In 1951, George S. Myers, an ichthyologist and curator at the Standford University Natural History Museum, published a paper in Copeia titled “The most widely heard amphibian voice.” He described how the calls of pacific chorus frogs appeared in movies set around the world, often far outside of their native range. These frogs range from Baja California north to British Columbia, but their conspicuous calls and distribution around Hollywood led to their voices being recorded and used in many movies.
Their call is distinctive, described by Myers as “rurrkk-uk, rurrkk-uk, rurrkk-uk” and in Robert Stebbins’ field guide as “Kreck-ek”. You can hear recordings or watch videos of them on my frog call page.
My colleagues and I have made jokes about the misplaced calls of Pacific Chorus Frogs for many years, but I haven’t paid much attention to specific movies with the frogs until this month. After hearing pacific chorus frogs calling in both Marco Polo and Gone Girl, I decided to start taking notes on the movies where I heard the frogs. A much longer list of movies using pacific chorus frogs outside of their native range can be found at the Internet Movie Database. Listed below are just my observations since January 2015. I’ll update the map as I notice more movies featuring these frogs.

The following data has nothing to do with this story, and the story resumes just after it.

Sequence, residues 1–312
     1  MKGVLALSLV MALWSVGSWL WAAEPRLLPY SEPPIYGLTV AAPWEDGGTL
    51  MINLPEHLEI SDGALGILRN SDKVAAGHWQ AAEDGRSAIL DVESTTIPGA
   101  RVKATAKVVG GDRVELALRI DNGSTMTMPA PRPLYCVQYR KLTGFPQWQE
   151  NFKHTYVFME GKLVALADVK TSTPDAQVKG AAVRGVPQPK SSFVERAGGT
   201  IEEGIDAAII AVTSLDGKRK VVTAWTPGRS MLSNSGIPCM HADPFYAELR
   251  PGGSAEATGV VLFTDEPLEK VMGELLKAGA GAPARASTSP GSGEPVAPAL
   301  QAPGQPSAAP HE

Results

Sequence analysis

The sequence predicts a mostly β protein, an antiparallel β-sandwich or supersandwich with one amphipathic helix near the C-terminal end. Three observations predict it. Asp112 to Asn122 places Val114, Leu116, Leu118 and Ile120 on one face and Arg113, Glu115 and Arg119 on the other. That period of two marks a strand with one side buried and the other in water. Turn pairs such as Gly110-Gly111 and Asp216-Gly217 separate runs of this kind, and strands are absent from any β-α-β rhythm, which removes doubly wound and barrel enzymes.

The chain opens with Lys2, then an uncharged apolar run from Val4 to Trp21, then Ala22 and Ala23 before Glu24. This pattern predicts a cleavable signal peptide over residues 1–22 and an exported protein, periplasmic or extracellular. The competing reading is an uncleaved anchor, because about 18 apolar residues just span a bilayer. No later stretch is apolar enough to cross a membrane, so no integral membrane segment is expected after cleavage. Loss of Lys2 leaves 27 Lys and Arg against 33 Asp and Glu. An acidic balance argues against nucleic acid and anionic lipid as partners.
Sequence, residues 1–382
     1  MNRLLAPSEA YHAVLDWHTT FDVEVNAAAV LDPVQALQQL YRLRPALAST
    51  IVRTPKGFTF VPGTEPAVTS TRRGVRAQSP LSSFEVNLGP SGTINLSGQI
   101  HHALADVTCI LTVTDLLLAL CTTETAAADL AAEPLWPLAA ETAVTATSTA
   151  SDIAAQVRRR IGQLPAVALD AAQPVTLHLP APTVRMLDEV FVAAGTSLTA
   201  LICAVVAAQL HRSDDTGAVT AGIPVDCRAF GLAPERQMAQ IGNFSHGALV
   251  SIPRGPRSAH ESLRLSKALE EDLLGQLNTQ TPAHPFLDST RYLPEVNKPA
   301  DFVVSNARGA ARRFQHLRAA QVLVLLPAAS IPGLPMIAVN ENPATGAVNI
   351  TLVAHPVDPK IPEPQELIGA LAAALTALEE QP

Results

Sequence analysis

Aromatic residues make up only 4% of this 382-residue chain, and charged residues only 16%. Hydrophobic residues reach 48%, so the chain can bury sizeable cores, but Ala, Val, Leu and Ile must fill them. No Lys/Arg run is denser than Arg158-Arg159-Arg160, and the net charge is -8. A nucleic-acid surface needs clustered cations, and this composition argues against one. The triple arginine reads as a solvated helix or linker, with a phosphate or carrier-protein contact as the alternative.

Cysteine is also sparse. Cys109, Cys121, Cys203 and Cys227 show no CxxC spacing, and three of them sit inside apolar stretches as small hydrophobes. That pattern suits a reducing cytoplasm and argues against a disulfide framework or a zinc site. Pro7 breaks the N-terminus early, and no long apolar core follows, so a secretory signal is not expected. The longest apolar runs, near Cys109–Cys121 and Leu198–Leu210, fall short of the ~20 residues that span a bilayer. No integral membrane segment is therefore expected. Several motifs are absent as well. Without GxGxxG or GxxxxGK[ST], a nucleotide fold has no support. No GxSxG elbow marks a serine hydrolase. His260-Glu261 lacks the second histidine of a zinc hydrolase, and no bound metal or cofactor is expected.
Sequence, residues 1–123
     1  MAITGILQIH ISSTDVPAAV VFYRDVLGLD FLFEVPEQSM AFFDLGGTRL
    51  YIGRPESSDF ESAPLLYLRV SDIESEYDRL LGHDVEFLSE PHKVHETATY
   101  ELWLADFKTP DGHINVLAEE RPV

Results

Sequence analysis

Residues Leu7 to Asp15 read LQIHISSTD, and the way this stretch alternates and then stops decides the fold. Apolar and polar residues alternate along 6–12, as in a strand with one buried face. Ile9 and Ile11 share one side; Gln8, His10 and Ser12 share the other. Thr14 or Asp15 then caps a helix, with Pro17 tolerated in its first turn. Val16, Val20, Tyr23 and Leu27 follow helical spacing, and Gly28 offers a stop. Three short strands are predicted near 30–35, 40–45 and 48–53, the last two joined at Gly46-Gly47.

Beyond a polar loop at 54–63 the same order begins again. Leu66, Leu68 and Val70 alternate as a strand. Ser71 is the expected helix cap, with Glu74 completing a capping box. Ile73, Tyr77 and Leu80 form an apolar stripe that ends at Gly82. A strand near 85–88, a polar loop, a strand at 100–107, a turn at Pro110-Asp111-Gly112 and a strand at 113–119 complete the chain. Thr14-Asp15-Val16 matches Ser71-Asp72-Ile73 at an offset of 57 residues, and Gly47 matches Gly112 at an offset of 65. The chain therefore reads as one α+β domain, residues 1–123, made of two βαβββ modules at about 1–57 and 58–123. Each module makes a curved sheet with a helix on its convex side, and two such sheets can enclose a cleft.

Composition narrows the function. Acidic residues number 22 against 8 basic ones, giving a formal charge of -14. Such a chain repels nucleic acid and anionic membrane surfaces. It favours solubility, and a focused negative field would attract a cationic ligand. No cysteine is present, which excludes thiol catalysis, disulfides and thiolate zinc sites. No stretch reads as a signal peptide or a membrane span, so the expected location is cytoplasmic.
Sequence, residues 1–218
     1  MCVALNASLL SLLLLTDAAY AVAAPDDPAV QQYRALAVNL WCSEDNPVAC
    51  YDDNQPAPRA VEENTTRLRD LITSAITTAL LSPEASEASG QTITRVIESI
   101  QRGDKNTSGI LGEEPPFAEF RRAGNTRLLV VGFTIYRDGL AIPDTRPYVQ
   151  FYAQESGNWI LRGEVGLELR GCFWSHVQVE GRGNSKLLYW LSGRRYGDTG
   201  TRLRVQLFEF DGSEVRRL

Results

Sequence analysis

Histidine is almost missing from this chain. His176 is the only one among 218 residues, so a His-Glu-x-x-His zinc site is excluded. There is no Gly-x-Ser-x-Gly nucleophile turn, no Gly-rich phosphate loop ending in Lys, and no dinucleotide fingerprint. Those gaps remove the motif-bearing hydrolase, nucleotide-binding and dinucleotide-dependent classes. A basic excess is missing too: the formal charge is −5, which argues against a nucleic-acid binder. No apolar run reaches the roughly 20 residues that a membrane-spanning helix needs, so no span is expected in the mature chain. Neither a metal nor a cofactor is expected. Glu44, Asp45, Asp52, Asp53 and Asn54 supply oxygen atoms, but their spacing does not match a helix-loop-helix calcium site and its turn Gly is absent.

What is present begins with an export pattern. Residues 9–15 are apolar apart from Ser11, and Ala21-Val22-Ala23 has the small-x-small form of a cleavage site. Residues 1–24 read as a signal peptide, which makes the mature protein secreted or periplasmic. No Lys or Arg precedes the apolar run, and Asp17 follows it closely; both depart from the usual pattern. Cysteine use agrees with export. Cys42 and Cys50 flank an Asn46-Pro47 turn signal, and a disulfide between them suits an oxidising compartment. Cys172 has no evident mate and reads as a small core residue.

The red section of the map below illustrates the natural geographic range of the pacific chorus frog (although they are sometimes accidentally moved outside of their range). The numbers indicate the settings of movies featuring the calls of pacific chorus frogs.
(1) The Netflix series Marco Polo featured calling pacific chorus frogs in a garden in a Song Dynasty city about nine minutes into episode seven.
(2) The movie Gone Girl was largely set in Missouri, and featured the calls of pacific chorus frogs in many of the nighttime scenes.
Original map obtained from the NASA website